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Fight Brews In Arizona Over Dark Money, Solar Policy

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SOLAR PANEL ARIZONA
A fight over solar policy has boiled over into the Republican primary for the state's utility regulatory commission. (Ross D. Franklin) | ASSOCIATED PRESS

Arizona Public Service, the largest utility in the state, is facing scrutiny over whether it is secretly funding a campaign against two Republican candidates for the state's utility regulatory commission.

The primary race for the state's Corporation Commission, which oversees utility issues in the state, features four Republican candidates: Thomas Forese, Doug Little, Lucy Mason and Vernon Parker. A conservative dark money group, the Arizona Free Enterprise Club, has thrown its money behind Forese and Little, as well as behind secretary of state candidate Justin Pierce — spending a total of $1.1 million on the primaries this year, according to the state's campaign finance records.

As the Arizona Republic reported earlier this week, that's a significant increase in electoral spending for the Arizona Free Enterprise Club, which doled out just $185,000 on 2012 races. It's a nonprofit making independent expenditures in this campaign, so it doesn't have to disclose its donors. But this secrecy has allowed allegations to fester that APS is the one funding the effort in Arizona.

For its part, APS has evaded directly answering whether it is funding the group. In response to The Huffington Post asking about the issue, company spokesman Alan Bunnell wrote: "Although we typically do not comment on individual contributions, we routinely support public officials, candidates and causes that are pro-business and supportive of a sustainable energy future for Arizona, regardless of party affiliation."

If this sounds familiar, it is.

Last year, APS caught flack when it came to light that the company was secretly funding the Koch-backed conservative group 60 Plus Association to run anti-solar ads, after initially denying it had done so. Those ads came amid a major fight over whether to change the state's solar net-metering policy, which allows homes and businesses with solar panels to sell excess energy back to the grid.

APS had wanted to increase fees for those solar customers, arguing they weren't paying a fair share for maintenance of the grid. But solar advocates, like Barry Goldwater, Jr., son of the famed Arizona Republican politician, accused APS of trying to effectively kill rooftop solar.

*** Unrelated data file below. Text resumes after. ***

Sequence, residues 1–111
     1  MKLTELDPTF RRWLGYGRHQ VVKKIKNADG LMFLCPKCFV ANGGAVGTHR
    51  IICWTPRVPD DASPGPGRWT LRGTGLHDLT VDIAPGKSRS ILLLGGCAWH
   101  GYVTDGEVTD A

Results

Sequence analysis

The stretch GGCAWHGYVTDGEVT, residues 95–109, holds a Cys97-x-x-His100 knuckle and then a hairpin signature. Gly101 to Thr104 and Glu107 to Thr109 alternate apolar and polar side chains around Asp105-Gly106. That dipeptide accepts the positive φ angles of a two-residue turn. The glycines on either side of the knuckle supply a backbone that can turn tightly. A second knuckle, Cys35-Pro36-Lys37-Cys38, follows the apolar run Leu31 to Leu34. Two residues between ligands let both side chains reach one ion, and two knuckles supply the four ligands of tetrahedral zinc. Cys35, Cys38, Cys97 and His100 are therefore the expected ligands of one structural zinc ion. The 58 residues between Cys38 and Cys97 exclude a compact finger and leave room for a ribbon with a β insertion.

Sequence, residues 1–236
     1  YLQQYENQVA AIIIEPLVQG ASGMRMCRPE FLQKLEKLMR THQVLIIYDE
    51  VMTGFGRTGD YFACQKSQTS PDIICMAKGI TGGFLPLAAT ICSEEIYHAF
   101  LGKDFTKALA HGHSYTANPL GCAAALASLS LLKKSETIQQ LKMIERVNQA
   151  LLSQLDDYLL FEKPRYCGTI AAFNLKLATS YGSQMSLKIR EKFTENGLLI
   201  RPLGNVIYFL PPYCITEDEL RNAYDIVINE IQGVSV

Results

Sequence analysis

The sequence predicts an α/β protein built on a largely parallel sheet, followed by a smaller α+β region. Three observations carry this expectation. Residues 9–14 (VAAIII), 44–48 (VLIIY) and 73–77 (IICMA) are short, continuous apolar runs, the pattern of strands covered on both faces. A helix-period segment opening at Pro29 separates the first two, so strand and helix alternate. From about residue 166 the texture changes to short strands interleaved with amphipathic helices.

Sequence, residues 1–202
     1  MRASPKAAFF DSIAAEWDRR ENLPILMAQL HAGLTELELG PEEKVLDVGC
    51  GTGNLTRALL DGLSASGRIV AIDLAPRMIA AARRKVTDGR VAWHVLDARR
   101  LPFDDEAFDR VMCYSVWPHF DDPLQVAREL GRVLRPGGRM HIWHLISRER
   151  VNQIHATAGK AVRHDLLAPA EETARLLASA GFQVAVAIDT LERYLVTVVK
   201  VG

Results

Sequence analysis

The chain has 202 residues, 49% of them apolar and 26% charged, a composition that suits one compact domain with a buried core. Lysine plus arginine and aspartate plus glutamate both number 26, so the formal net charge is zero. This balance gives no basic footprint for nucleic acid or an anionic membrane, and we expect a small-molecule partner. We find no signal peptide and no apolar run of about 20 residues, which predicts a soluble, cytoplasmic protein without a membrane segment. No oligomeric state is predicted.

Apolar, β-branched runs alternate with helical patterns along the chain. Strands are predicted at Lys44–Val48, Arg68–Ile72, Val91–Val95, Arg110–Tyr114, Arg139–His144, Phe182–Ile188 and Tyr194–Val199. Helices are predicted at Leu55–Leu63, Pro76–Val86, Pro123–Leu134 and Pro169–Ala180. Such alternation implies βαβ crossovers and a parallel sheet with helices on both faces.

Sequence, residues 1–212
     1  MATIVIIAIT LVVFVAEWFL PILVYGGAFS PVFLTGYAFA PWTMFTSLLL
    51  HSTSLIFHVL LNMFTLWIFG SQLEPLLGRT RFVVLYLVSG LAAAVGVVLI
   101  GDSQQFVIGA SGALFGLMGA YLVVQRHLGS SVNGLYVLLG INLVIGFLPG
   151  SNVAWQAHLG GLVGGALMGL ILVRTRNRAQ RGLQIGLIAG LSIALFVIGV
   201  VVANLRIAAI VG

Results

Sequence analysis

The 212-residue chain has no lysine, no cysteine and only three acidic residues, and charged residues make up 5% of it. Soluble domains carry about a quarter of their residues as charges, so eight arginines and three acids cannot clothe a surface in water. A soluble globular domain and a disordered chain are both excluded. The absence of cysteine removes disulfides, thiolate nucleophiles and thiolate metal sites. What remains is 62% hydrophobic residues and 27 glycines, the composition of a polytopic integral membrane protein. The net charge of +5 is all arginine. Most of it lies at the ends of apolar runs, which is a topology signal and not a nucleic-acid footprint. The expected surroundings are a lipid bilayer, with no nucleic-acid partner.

That fight ended in a draw, with the Corporation Commission setting a $5 monthly fee for solar users — higher than what solar advocates wanted but lower than what APS preferred.

Since then, another fight has broken out between APS and solar groups like The Alliance for Solar Choice and Goldwater's Tell Utilities Solar Won't Be Killed over whether people who lease solar units should have to pay property taxes on them. (APS initially said it was neutral on the tax, but then later said it was for it, the Arizona Republic reported in April.)

Those fights have increased the attention to this year's Corporation Commission race, turning it into a slugfest over solar.

Solar groups are backing Lucy Mason and Vernon Parker in the Republican primary. Bryan Miller, the vice president of public policy and power markets for the solar company Sunrun and the co-chairman of TASC, said the two candidates "have been consistently pro-solar." Mason and Parker have been publicly critical of APS, writing in a letter to the utility's CEO, Don Brandt, that it would be "highly inappropriate" for the company to try to influence the election of commissioners who would, in turn, regulate the company.

Meanwhile, the Arizona Free Enterprise Club has sent mailers accusing Mason and Parker of being supporters of "President Obama's energy plan" and has spent nearly half a million dollars in support of Little and Forese. The group is also spending big on Justin Pierce, a Republican primary candidate for secretary of state, who is the son of current Corporation Commission member Gary Pierce.

(While APS has not publicly supported Pierce's candidacy, The Huffington Post reported last October that APS' chief lobbyist reserved a room at a Phoenix country club for a Pierce campaign event. Pierce's spokesman said at the time that the lobbyist "simply provided access to a venue at the request of a friend.")

With the fresh allegations about APS' potential role in the commission and secretary of state races, solar advocates and APS are once again going at it. TASC's Miller accused APS of being "a company that's run amok" and is misusing ratepayer money.

"It's completely corrupt," Miller said.

APS spokesman Bunnell, in turn, accused the solar groups of throwing the commissioners' race, arguing that they "have orchestrated a non-stop propaganda war for the last 18 months."

"They have misrepresented important Arizona energy issues to further the narrow financial interests of their clients. And now they’ve thrown their support and rhetoric behind candidates for the [corporation commission]," he said. "It would be irresponsible for us not to defend our company, which plays a critical role powering Arizona’s economy and supporting our communities."

The Arizona primaries are slated for August 26.

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